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Acute myocardial infarction (AMI or MI), commonly known as a heart attack, is a disease that occurs when the blood supply to a part of the heart is interrupted, causing death of heart tissue. It is the leading cause of death for both men and women all over the world.
The term myocardial infarction is derived from myocardium (the heart muscle) and infarction (tissue death due to oxygen starvation or ischemia). The phrase "heart attack" sometimes refers to heart problems other than MI, such as unstable angina pectoris and sudden cardiac death.
Acute myocardial infarction is usually characterized by varying degrees of chest pain, discomfort, sweating, weakness, nausea, vomiting, and arrhythmia, sometimes causing loss of consciousness and even sudden death. Chest pain is the most common symptom of acute myocardial infarction (MI) and is often described as a sensation of tightness, pressure, or squeezing. Pain radiates most often to the left arm, but may also radiate to the jaw, neck, right arm, back, and epigastrium. The patient may complain of shortness of breath (dyspnea) especially if the decrease in myocardial contractility due to the infarct is sufficient to cause left ventricular failure with pulmonary congestion or even pulmonary edema. Approximately half of all MI patients have experienced warning symptoms like angina pectoris prior to the infarction.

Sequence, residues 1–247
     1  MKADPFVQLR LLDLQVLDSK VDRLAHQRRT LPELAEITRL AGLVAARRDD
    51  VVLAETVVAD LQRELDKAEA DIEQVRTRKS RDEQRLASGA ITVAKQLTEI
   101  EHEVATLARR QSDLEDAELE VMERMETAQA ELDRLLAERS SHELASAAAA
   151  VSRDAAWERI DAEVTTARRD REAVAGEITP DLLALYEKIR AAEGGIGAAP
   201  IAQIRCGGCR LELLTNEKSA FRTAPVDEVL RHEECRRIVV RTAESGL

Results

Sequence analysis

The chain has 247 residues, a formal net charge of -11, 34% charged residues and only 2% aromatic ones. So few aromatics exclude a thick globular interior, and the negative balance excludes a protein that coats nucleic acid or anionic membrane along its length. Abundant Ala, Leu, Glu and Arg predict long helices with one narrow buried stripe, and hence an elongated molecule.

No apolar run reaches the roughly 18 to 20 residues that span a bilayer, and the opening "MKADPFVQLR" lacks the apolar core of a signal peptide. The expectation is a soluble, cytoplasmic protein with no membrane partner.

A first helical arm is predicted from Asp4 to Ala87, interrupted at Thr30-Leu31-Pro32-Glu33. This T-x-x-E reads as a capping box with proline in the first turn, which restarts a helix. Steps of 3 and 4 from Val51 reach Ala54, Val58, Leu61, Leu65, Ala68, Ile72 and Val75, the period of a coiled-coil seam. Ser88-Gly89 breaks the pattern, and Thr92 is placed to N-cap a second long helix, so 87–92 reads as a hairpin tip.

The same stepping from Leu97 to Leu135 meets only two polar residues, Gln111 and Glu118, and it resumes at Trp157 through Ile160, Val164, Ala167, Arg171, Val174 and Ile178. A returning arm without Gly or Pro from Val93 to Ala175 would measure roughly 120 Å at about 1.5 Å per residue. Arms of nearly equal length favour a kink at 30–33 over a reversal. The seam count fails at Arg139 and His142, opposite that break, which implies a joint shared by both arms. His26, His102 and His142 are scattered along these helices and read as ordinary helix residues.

Women often experience different symptoms than men. The most common symptoms of MI in women include dyspnea, weakness, and fatigue. Fatigue, sleep disturbances, and dyspnea have been reported as frequently occurring prodromal symptoms which may manifest as long as one month before the actual clinically manifested ischemic event. In women, chest pain may be less predictive of coronary ischemia than in men
Myocardial infarctions vary greatly in severity. Many cases of myocardial infarction are identified by ambulance staff, emergency room doctors and cardiac specialist nurse practitioners quickly. Other, often smaller myocardial infarctions sometimes are not recognized by victims, never receive medical attention, and can result in heart weakness and other complications. Adequate diagnosis requires a medical history, an electrocardiogram, and blood tests for heart muscle cell damage. Other information, including results of myocardial perfusion tests (see stress tests) and echocardiograms can also help establish the diagnosis of MI.